Troian Bellisario's Life Growing Up In Hollywood

The following article references anorexia.

Got a secret, can you keep it? Troian Bellisario is a nepotism baby. Okay, it might not exactly be a secret, but it is a bit surprising, given how grounded the actor seems. Troian, who is known for her role as Spencer Hastings on "Pretty Little Liars" is now married to "Suits" actor Patrick J. Adams and has two young children of her own, Aurora and Elliot. Since "PLL" ended in 2017, she has starred in such films as "Doula," "Where'd You Go, Bernadette?" and "Feed," the latter which she wrote herself. But even before she found fame on her own, Troian was living the Hollywood life, thanks to her talented parents.

Deborah Pratt and Donald Bellisario each have staggeringly impressive showbiz credentials. Pratt is an actor, writer, director, and executive producer who worked on both the original "Quantum Leap" and its 2022 reboot, among many other hit series. Donald Bellisario is also an actor, writer, director, and producer, who created television programs like "Magnum P.I.," JAG," "NCIS" and both iterations of "Quantum Leap." It was only natural that their daughter would not only follow in their footsteps, but enjoy a comfortable lifestyle growing up.

Troian is not your average nepotism baby, however. Yes, she acknowledges her privileged upbringing, but she is also incredibly down-to-earth and just as hardworking as the character that put her on the map. And while growing up in Hollywood clearly has its perks, there are pitfalls as well. 

The story behind Troian Bellisario's name

Troian Bellisario has a unique first name, one that most people have never heard before. As it turns out, the name has been around for a very long time. "It's a last name in my family, my great-grandmother was Maria Giuseppe Troian Bellisario," Bellisario shared on an episode of "Rachael Ray Show." "It means Woman of Troy." The "Pretty Little Liars" star has gotten used to having her name mispronounced, and she isn't too bothered when someone gets it wrong. However, her "PLL" castmates told Rachael Ray they wouldn't think twice about correcting anyone who might mistakenly call Bellisario anything from "Troy-Ann" to "Trojan." Regarding the latter mispronunciation, Bellisario did note that her high school classmates would joke she was named after the popular condom brand.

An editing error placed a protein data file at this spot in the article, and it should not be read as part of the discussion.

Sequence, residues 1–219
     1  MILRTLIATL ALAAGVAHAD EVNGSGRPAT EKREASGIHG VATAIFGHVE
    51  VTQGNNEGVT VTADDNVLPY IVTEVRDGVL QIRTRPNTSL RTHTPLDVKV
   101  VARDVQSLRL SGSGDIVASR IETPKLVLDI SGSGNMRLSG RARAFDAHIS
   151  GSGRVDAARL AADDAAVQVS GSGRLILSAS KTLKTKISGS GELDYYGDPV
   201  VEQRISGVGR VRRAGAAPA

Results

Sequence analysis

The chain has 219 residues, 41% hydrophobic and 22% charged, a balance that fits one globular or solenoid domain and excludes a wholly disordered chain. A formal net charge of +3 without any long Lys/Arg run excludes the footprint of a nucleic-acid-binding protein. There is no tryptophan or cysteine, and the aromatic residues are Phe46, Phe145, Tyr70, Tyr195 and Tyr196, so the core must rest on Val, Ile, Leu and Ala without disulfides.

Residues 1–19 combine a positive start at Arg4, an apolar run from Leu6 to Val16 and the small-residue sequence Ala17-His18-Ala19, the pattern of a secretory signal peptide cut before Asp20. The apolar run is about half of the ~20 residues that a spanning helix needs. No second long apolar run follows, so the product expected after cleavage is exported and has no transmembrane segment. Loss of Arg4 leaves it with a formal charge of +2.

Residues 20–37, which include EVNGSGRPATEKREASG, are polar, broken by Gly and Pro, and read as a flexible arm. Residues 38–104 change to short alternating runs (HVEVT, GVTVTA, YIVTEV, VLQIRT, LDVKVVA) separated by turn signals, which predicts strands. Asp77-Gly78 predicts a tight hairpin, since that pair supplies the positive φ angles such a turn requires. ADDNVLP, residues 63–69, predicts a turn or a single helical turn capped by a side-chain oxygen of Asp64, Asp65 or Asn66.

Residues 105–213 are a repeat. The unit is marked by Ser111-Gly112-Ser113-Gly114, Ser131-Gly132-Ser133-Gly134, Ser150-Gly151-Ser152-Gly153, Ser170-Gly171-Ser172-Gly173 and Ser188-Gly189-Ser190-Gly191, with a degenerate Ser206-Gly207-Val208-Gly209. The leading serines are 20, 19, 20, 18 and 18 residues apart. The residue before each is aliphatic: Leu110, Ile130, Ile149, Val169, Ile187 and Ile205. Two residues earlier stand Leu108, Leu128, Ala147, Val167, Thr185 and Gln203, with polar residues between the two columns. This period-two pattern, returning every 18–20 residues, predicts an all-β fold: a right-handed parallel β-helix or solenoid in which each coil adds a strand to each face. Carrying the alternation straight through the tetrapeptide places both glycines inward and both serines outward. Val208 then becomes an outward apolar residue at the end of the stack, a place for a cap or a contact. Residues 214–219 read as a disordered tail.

Another interesting piece of trivia: Bellisario's mom, Deborah Pratt, once played a character named Troian Clairidge on  "Quantum Leap." What's more, the episode, which aired in 1971, is called "A Portrait for Troian." Troian Bellisario arrived 14 years after the episode aired, and seems safe to assume her name is a nod to her parents' show as well. 

She made her acting debut at age 3

The opening credits of "Pretty Little Liars" features Troian Bellisario as Spencer Hastings, along with the show's other main characters, standing in front of a casket while dressed to the nines. A little over two decades before "PLL" premiered, Bellisario acted in a different scene that featured a casket. It's true that "PLL" was Bellisario's breakout role, but her very first acting gig arrived in "Last Rites," a 1988 thriller that was written and directed by her father. Though she was not given any lines, a 3-year-old Bellisario was cast to play the daughter of Chick Vennera's character in a funeral scene. 

Shortly after her first film role, Bellisario appeared in several episodes of her parents' show, "Quantum Leap." She told Collider that while she was grateful her mom and dad created a role for her after she expressed interest in acting, she started to wonder if this particular line of work was really her thing after all. "I was like, 'I don't know if I want to do that. It's boring and you make me say lines, over and over again,'" Bellisario said. Her parents did not pressure her to keep at it, but supported her when she eventually changed her mind and decided to give acting another go as a teenager. "I came back to them and said, 'Hey, I was a four-year-old, and now I have no problem with doing multiple takes. I really want to be an actor,'" she explained.